It’s there in Bethlehem where people begin to quietly ask questions. “Can this be Naomi?” (1:19). Naomi wanting to squash the town gossip says, “Don’t call me that. Call me Mara, because the Almighty has made my life very bitter. I went away full, but the LORD has brought me back empty. Why call me Naomi? The LORD has afflicted me; the Almighty has brought misfortune upon me” (1:20-21). Why the name change? Naomi changes her name because her life is no longer defined by her former identity, her life is no longer defined by the life she had lived with love and promise and blessings. That all died and was buried in Moab. She asks the people to call her Mara because that’s how she felt. She felt bitter, empty, and full of loss.
I can relate with that. We started out the service praising God right? “Praise the Lord, I will extol, I will worship, the Lord with all my heart” (Psalm 111:1). To be honest with you, when dealing with stress and anxiety which just continually wears on you, leaves you tired and sometimes irritable … I’m not so much into praising the Lord. When you find out you’ve got cancer or when you find out a family member has cancer, when you lose your job, when you lose your retirement with crashing stock prices, when a hurricane or tornado spread pieces of your home across the country side, or when relationships fail and life begins to crumble … I think we feel more like Naomi, like Mara than we do David who is praising the Lord. In the midst of the darkness and the trudging through the valleys, in the midst of trying to fix things on our own and keep coming up short or feeling inadequate, it’s easy to just throw in the towel, it’s easy to feel bitter, empty, and full of loss.
Return. Return is the main verb in the opening chapter of the book of Ruth. You see, the book of Ruth wants you and me to know the wisdom of waiting on the Lord and to trust that the Lord will provide redemption through an heir who will bring salvation.
One of my Seminary professors says this about Naomi. “The Lord God Almighty is the cause of her troubles. The Lord has testified against her, God Almighty has brought her calamity. She will change her name to ‘bitter’ and tell the story of her suffering to the people. Naomi defines herself as one who is empty, bitter. One against whom the Lord has turned. And yet, she returns to dwell in the land of Israel. Inside the Old Testament law there are disciplines like feeding the hungry. Leaving behind grain for the widows, the orphans, and the foreigners (Deut. 24:19). These disciplines have a way of redeeming property in the case where there is no heir (Numb. 27:8-11). More importantly, these disciples have a way of redeeming people, raising up an heir for the deceased (Deut. 25:5-10). These are the laws and the customs surrounding the laws that shape the lives of God’s people.”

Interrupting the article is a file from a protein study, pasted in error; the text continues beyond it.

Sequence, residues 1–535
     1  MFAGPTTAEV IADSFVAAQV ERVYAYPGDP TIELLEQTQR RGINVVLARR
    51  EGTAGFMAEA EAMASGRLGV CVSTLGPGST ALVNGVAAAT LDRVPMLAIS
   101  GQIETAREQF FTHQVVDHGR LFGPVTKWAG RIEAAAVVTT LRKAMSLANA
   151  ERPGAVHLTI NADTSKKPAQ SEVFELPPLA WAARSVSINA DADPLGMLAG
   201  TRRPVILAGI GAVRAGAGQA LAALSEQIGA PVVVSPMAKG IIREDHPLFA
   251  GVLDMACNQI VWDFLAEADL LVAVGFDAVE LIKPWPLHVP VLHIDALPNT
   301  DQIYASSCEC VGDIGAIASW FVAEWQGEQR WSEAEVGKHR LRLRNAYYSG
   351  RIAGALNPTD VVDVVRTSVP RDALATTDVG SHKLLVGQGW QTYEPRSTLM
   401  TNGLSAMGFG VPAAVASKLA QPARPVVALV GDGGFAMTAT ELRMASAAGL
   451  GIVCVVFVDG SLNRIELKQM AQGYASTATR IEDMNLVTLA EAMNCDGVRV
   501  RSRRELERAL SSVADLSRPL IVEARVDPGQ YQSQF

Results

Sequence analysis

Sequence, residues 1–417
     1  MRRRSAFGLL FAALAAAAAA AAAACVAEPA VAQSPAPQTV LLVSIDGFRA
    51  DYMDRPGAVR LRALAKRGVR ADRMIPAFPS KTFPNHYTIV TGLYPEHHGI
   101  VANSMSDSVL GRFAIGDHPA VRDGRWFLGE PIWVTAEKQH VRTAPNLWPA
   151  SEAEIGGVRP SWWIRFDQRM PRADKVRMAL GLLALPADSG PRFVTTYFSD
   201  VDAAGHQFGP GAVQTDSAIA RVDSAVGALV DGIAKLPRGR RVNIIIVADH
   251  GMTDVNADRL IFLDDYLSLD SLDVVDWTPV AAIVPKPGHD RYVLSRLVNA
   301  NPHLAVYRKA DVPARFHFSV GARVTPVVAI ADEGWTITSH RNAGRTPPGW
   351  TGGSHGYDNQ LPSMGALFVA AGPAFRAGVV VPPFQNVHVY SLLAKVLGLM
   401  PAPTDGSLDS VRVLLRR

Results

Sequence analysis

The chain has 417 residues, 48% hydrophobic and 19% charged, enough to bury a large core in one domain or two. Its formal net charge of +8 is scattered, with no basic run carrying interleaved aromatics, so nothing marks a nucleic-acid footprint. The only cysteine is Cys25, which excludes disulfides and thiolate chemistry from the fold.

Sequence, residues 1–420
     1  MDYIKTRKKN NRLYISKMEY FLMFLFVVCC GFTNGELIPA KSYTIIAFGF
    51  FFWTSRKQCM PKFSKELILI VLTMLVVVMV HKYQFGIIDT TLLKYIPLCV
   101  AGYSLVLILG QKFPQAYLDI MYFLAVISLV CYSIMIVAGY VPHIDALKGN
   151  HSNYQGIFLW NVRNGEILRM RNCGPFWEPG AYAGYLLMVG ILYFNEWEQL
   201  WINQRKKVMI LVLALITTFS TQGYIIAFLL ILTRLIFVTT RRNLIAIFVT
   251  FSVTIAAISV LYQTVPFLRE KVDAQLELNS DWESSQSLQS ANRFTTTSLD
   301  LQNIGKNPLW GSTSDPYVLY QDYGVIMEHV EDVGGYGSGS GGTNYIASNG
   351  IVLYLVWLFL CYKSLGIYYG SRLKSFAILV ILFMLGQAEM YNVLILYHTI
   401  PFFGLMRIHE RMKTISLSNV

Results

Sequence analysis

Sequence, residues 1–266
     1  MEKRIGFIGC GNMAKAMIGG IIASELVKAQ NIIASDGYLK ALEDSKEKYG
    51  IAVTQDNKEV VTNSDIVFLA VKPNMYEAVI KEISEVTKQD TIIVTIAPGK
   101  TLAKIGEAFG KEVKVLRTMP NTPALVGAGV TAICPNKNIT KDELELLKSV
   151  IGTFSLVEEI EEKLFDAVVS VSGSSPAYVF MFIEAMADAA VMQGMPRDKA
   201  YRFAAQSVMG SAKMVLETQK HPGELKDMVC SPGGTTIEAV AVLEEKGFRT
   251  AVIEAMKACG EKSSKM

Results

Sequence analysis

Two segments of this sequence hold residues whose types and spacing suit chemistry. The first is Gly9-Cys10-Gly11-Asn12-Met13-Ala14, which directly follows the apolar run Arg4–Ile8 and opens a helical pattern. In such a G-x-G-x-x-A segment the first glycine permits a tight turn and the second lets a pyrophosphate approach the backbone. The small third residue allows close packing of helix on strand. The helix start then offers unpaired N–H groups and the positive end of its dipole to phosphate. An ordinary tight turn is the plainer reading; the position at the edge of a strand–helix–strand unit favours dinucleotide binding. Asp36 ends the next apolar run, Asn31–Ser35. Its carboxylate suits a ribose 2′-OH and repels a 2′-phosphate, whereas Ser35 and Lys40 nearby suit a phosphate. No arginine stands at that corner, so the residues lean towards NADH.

As you read through the book of Ruth, you will see that Ruth will glean the fields to find the left over grain. She collects it for her and Naomi. Ruth is the one who keeps the laws obediently and then wins redemption because even Boaz can see what a righteous person she is on behalf of Naomi. Ruth does all the work and passes on the blessings she received to Naomi.
You and I … we’re like Naomi. We’re like Naomi because even though we may feel bitter, even though we may feel empty, even though we may feel loss … we are on the receiving end of the blessings of God’s law fulfilled on our behalf by Jesus. We’re on the receiving end! By God’s grace, His mercy and blessings are new each day as He provides us with the very things we need in order to sustain this body and life. By God’s grace given to us through Jesus’ death on the cross and His returning from the dead, you are redeemed, you are restored, you will one day be resurrected from your grave and you will physically return to Him to live with a perfect body in a redeemed and restored new creation.
Until that day of Christ’s return, God will continue to provide with just enough to get through each day. I want to close with these words from the prophet Joel, “‘Even now,’ declares the LORD, ‘return to me with all your heart, with fasting and weeping and mourning.’ … Return to the LORD your God, for he is gracious and compassionate, slow to anger and abounding in love” (Joel 2:12-13). Like Naomi, return to the Lord, for He has given you a new identity in Him, He has redeemed you, He has promised to always be with you. Amen.
The peace of God, which surpasses all human understanding, guard your hearts and minds in Christ Jesus our Redeemer and Lord, now and forevermore. Amen.